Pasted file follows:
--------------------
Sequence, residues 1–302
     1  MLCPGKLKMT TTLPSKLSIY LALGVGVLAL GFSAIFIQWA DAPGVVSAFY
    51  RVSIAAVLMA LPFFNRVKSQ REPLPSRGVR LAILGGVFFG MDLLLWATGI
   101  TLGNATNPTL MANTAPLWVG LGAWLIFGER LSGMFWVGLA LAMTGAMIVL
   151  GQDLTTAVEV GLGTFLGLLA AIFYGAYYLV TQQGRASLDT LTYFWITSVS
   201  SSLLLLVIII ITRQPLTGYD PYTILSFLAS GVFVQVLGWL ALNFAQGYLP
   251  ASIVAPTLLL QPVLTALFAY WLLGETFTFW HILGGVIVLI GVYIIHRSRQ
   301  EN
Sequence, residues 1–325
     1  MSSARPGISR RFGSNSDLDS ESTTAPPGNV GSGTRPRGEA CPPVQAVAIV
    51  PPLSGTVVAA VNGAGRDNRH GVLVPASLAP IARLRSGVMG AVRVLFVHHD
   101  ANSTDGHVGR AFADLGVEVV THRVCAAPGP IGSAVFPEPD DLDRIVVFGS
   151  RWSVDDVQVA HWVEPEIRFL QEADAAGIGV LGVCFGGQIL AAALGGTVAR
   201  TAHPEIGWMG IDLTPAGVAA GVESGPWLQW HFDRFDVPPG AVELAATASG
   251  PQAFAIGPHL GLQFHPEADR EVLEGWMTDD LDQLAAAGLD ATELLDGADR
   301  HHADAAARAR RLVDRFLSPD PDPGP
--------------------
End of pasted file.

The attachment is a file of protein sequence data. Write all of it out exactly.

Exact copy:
Sequence, residues 1–302
     1  MLCPGKLKMT TTLPSKLSIY LALGVGVLAL GFSAIFIQWA DAPGVVSAFY
    51  RVSIAAVLMA LPFFNRVKSQ REPLPSRGVR LAILGGVFFG MDLLLWATGI
   101  TLGNATNPTL MANTAPLWVG LGAWLIFGER LSGMFWVGLA LAMTGAMIVL
   151  GQDLTTAVEV GLGTFLGLLA AIFYGAYYLV TQQGRASLDT LTYFWITSVS
   201  SSLLLLVIII ITRQPLTGYD PYTILSFLAS GVFVQVLGWL ALNFAQGYLP
   251  ASIVAPTLLL QPVLTALFAY WLLGETFTFW HILGGVIVLI GVYIIHRSRQ
   301  EN
Sequence, residues 1–325
     1  MSSARPGISR RFGSNSDLDS ESTTAPPGNV GSGTRPRGEA CPPVQAVAIV
    51  PPLSGTVVAA VNGAGRDNRH GVLVPASLAP IARLRSGVMG AVRVLFVHHD
   101  ANSTDGHVGR AFADLGVEVV THRVCAAPGP IGSAVFPEPD DLDRIVVFGS
   151  RWSVDDVQVA HWVEPEIRFL QEADAAGIGV LGVCFGGQIL AAALGGTVAR
   201  TAHPEIGWMG IDLTPAGVAA GVESGPWLQW HFDRFDVPPG AVELAATASG
   251  PQAFAIGPHL GLQFHPEADR EVLEGWMTDD LDQLAAAGLD ATELLDGADR
   301  HHADAAARAR RLVDRFLSPD PDPGP